Yesterday, I met "the generalists" at Kiva Han, voted on films, and even got to be dictator for a round. They are a rather interesting set of geeks. Not-too-surprisingly,

**jcreed** was there. (We always run into each other).

When we were done, it was about 11pm, and I was ready to go to bed.

On my way back to the bike, I ran into

**jcreed** and

**simrob** (who I hadn't seen in a while) at the 4th floor whiteboard, and saw the former's very cool statement of Arrow's theorem in the language of category theory (no pun intended). In this instance, category theory seems unnecessarily abstract, since we could easily talk about them as sets.

As my sleepiness turned into dreaminess, the topic drifted into my Herbert-Simon-ish ideas of making AI mathematicians. We seem to have opposite inclinations on this: he is skeptical, believes it's too hard.

My main belief, that "mathematical reasoning is easy to automate", is grounded on:

* serial reasoning is easy to formalize

* most of mathematical and scientific reasoning is serial

* the current state-of-the-art is poor because of brittleness, due to a lack of multiple representations (see

this), a lack of integration.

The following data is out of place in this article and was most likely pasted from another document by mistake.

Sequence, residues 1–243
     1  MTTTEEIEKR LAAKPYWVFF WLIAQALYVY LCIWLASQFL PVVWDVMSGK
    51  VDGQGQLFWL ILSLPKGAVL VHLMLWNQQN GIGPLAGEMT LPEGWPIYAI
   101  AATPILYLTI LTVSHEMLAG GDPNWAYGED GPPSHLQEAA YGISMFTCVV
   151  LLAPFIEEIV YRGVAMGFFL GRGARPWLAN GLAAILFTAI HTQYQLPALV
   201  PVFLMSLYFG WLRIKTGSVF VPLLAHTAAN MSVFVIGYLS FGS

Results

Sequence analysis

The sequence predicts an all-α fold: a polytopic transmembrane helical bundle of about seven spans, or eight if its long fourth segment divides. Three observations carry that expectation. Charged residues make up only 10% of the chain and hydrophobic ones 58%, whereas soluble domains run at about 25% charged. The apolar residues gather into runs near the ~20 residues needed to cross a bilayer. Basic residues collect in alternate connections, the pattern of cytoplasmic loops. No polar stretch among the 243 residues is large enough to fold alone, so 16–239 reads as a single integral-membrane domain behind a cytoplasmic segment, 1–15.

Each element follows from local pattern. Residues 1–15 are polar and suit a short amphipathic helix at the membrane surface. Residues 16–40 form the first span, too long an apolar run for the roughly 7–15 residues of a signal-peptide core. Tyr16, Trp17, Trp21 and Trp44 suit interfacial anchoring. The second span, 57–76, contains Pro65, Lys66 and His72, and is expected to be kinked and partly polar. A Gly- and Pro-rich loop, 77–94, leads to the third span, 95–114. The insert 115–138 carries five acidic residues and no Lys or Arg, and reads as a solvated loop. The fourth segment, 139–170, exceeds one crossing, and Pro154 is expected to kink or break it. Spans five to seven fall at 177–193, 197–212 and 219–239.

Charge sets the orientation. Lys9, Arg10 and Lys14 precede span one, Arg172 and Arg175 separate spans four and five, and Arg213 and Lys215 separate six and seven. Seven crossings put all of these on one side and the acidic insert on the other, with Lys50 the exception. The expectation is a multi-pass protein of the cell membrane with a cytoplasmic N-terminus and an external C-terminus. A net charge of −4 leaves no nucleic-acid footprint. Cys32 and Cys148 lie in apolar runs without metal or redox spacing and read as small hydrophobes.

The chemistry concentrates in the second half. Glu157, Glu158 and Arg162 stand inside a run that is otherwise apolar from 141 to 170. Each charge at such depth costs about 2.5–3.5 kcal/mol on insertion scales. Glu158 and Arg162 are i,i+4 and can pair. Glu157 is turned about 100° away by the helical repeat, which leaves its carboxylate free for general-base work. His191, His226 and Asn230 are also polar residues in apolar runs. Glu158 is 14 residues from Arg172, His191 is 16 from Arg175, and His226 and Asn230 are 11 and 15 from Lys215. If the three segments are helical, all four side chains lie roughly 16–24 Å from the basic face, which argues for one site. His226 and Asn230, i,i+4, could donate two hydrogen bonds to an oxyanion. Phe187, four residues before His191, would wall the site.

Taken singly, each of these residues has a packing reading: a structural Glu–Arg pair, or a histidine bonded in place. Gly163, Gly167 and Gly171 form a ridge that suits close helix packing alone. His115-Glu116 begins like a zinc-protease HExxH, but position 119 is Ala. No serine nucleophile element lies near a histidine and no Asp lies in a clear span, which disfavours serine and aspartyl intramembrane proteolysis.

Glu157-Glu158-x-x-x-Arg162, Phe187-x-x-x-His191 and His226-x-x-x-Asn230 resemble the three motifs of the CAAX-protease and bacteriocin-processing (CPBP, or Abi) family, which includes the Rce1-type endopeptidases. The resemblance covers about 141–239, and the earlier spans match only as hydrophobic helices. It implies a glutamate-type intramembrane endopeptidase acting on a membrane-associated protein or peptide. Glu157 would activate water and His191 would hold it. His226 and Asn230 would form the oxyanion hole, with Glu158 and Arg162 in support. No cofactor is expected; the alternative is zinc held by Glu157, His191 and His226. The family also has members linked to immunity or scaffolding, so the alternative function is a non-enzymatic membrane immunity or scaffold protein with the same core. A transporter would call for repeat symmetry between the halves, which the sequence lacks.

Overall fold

His main objection seemed to be that, in the context of trying to prove things, figuring out what to do next is not easy: mathematicians have intuitions that are hard to put into theorem provers. i.e. these search heuristics are not easy to formalize.

My response: intuition comes from experience. (i.e. we just need a corpus to learn from)

Other interesting thoughts:

* the intelligence required to perform any particular set of tasks, even if you're talking about "self-modifying" programs, is going to have a Kolmogorov Complexity (i.e. minimum program size) that needs to come either from the programmer (via programming) or from the world (via machine learning).

Amazingly (or not, given GMTA), he and I quickly agreed on a plan for building human-level mathematical AI (like, after 15 minutes):

* construct good representations with which to learn (we may need to reverse-engineer representations that are hard-coded in people, like our innate ability to do physical reasoning, which is useful in understanding geometry)

* give it a corpus to learn from (i.e. a world to live in)

He also wrote down an axiomatization of group theory in Twelf, which I believe is complete in the sense of "every statement that is expressible and true of every group (i.e. every model) is a consequence of the axioms of group theory". Logicians, can you confirm this?

Finally, we talked about desirable features of future math books, like "expand definition", "generate examples and non-examples", etc. This should be easy: all I'm asking for is beta reduction... unlike those ambitious proof-mining people who want automatic ways of making theorems more general.

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What do you think of the argument:

A - X should be easy!

B - instead of saying it's easy, you should be doing it.

?